The president and vice chancellor of the University of Alberta, Indira Samarasekera, is leaving next summer. This means that her job, which pays at least 400,000 Canadian dollars (about $368,500), is up for grabs. I’m sure the search committee expected a lot of top talent in the application pool — but it probably didn’t expect 56 Canadian academics, fed up with a highly paid administration in the face of countrywide “austerity” measures, applying for Samarasekera’s job in groups of four.
The elaborate and serious joke — an HR performance piece, if you will, that would also happen to have spectacular results if it actually worked — is the brainchild of Dalhousie University professor Kathleen Cawsey and three friends, a Gang of Four whose pointed (and hilarious) cover letter has become a Canadian media cause celebre.
The stunt comes on the heels of recent revelations that some of the United States’ highest-paid college presidents also oversaw some of the biggest increases in student debt. Most notoriously, Gordon Gee received a nearly $6 million retirement package when he “retired” in disgrace from Ohio State. If Gee had selflessly capped his buyout at, say, a meager $1 million, the university could have offered $10,000 scholarships to 500 additional students. Hot on Gee’s heels is James Milliken, chancellor of the CUNY system, who can now draft emails about that pesky adjunct rebellion in supreme comfort from his free $18,000-a-month apartment.
Cawsey and her colleagues decided they’d skewer the University of Alberta’s comparatively modest participation in the top-heavy university economy, and have a few laughs while they were at it.
“As you will see from our CVs,” the group writes, “we are eminently suited to fill this position. Indeed, we believe that by job-sharing this position, we would be able to do a better job than any one person could do — and the salary is certainly ample enough to meet the needs of all four of us. Indeed,” they continue, “for many of us one-fourth of your proposed minimum salary would double or triple our current wage.” They are quick to point out the advantages of a four-for-one deal, quipping: “We will even share one academic gown.”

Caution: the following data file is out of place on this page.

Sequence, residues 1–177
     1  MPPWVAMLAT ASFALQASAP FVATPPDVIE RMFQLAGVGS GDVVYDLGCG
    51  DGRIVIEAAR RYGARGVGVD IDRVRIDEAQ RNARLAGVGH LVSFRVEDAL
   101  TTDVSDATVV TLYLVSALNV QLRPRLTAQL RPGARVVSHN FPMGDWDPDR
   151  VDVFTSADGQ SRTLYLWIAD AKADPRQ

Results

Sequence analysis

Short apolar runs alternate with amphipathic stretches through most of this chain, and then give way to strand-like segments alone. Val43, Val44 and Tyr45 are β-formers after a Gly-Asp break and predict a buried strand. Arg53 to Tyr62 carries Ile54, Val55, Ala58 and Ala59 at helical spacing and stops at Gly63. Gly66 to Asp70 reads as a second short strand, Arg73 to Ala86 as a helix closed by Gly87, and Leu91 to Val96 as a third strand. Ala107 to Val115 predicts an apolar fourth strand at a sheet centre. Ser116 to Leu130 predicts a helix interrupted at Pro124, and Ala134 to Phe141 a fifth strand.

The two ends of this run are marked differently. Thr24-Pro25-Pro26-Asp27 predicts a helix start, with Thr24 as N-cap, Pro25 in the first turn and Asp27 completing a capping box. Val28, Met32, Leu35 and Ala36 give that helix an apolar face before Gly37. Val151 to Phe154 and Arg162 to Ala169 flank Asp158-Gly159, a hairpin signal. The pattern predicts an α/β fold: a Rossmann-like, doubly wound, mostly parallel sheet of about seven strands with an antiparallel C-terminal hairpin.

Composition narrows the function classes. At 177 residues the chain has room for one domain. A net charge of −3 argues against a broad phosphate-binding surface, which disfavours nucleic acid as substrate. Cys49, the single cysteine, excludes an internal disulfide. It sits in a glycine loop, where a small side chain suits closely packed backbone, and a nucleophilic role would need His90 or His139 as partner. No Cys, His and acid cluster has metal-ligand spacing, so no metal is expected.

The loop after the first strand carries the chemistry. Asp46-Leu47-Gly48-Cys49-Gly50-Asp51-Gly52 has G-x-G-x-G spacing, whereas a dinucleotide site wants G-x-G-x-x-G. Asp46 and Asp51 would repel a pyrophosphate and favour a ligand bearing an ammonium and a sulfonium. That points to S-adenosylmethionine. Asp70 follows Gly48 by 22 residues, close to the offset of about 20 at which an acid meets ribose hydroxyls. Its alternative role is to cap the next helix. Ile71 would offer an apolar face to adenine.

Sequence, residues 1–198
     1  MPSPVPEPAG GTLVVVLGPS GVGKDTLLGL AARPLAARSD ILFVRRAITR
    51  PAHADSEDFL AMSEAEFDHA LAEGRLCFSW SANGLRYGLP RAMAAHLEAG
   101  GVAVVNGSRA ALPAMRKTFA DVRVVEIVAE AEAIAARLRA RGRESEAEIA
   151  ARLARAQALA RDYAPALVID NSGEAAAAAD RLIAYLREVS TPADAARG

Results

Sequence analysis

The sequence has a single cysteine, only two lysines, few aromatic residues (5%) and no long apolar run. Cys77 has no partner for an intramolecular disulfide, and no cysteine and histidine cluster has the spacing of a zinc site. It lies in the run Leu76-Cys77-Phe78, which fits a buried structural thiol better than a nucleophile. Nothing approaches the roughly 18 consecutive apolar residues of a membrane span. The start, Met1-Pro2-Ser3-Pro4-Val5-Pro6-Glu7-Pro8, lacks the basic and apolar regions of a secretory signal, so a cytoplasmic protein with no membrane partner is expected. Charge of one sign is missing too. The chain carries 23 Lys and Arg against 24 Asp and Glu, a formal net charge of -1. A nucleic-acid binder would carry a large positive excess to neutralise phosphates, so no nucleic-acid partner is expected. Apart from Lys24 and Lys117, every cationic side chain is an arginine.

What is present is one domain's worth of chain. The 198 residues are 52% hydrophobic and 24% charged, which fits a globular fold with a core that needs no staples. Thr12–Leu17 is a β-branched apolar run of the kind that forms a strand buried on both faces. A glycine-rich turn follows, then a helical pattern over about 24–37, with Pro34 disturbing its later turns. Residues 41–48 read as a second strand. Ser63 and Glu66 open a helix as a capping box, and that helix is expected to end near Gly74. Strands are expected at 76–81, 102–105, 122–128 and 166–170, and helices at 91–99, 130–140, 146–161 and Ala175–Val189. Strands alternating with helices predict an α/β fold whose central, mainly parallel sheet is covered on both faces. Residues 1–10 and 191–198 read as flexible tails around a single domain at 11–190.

Academics all over North America complain about the corporatization of the university and “administrative bloat,” but Cawsey and company are actually brave enough to put their names on a collective action that is equal parts brazen and good-hearted. The purpose of the collective app, Cawsey explained, was to highlight “the disparity between the recent growth of university administration — both in terms of numbers of administrators and in terms of their salaries — and their rhetoric of austerity, which has resulted in program cuts, loss of tenure-track jobs, increasing numbers of poorly-paid, insecure sessionals (adjuncts) and skyrocketing tuition. And,” she added, “because it was a lot of fun.”
It was enough fun, in fact, that 52 of Cawsey’s closest friends decided to join in, and thus turn the wholly farcical administrative-versus-faculty pay disparity into the actual farce it is.